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  • About
  • The Global ETD Search service is a free service for researchers to find electronic theses and dissertations. This service is provided by the Networked Digital Library of Theses and Dissertations.
    Our metadata is collected from universities around the world. If you manage a university/consortium/country archive and want to be added, details can be found on the NDLTD website.

When practice does not make perfect: Differentiating between productive and unproductive persistence

Almeda, Ma. Victoria Quintos January 2018 (has links)
Research has suggested that persistence in the face of challenges plays an important role in learning. However, recent work on wheel-spinning—a type of unproductive persistence where students spend too much time struggling without achieving mastery of skills—has shown that not all persistence is uniformly beneficial for learning. For this reason, Study 1 used educational data-mining techniques to determine key differences between the behaviors associated with productive persistence and wheel-spinning in ASSISTments, an online math learning platform. This study’s results indicated that three features differentiated between these two modes of persistence: the number of hints requested in any problem, the number of bottom-out hints in the last eight problems, and the variation in the delay between solving problems of the same skill. These findings suggested that focusing on number of hints can provide insight into which students are struggling, and encouraging students to engage in longer delays between problem solving is likely helpful to reduce their wheel-spinning. Using the same definition of productive persistence in Study 1, Study 2 attempted to investigate the relationship between productive persistence and grit using Duckworth and Quinn’s (2009) Short Grit Scale. Correlational results showed that the two constructs were not significantly correlated with each other, providing implications for synthesizing literature on student persistence across computer-based learning environments and traditional classrooms.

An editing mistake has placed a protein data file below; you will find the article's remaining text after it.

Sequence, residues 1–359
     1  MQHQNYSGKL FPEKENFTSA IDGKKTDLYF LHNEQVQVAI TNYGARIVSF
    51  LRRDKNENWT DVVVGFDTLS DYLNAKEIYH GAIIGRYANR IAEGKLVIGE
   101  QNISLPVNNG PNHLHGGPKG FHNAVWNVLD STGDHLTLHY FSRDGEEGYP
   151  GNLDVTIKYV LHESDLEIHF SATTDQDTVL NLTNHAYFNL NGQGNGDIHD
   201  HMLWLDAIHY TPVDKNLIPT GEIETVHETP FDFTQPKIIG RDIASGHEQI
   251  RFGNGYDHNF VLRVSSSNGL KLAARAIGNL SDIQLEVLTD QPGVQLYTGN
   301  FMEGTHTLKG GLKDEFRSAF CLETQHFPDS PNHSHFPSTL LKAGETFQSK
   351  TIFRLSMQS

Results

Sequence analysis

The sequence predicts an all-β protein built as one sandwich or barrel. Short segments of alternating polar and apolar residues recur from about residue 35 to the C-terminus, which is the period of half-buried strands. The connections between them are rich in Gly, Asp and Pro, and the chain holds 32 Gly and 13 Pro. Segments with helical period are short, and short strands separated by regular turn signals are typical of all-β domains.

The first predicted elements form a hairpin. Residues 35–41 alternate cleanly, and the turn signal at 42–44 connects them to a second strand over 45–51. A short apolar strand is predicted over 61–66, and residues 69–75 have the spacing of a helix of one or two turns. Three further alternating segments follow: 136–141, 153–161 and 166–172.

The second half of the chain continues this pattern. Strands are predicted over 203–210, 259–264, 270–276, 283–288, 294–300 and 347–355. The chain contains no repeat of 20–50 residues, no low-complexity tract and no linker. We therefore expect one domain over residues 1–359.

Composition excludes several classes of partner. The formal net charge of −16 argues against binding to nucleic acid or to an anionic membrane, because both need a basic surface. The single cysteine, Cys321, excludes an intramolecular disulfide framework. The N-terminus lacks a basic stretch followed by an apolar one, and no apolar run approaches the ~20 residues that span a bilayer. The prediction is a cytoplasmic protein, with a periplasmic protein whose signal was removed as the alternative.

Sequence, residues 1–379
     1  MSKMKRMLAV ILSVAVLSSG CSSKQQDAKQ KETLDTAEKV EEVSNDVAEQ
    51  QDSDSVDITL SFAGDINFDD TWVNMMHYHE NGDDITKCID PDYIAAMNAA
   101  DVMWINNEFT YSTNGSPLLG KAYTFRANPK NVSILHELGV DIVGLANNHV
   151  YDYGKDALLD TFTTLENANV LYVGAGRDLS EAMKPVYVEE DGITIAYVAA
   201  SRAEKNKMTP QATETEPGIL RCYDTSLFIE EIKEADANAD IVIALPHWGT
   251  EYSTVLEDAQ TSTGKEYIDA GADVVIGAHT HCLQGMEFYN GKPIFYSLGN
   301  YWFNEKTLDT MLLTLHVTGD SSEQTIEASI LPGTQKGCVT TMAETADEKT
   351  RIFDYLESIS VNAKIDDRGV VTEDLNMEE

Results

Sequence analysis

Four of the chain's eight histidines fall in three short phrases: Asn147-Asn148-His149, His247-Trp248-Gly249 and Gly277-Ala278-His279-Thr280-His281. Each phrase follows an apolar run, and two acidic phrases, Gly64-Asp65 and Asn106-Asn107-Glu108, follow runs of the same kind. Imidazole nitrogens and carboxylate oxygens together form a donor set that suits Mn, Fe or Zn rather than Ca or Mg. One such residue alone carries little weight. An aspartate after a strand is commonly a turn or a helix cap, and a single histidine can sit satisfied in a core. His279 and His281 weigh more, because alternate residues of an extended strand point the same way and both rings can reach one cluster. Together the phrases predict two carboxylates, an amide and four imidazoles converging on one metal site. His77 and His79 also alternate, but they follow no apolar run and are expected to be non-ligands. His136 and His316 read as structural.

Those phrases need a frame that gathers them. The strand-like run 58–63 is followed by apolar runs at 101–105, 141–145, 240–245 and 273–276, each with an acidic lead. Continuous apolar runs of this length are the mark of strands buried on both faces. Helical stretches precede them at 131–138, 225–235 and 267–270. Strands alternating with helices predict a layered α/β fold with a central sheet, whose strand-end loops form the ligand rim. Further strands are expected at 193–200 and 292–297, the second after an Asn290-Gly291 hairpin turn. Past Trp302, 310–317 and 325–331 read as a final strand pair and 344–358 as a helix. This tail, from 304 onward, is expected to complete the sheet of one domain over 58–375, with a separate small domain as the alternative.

The Effect of the Use of Self-Regulated Learning Strategies on College Students' Performance and Satisfaction in Physical Education

Ao, Man-Chih, res.cand@acu.edu.au January 2006 (has links)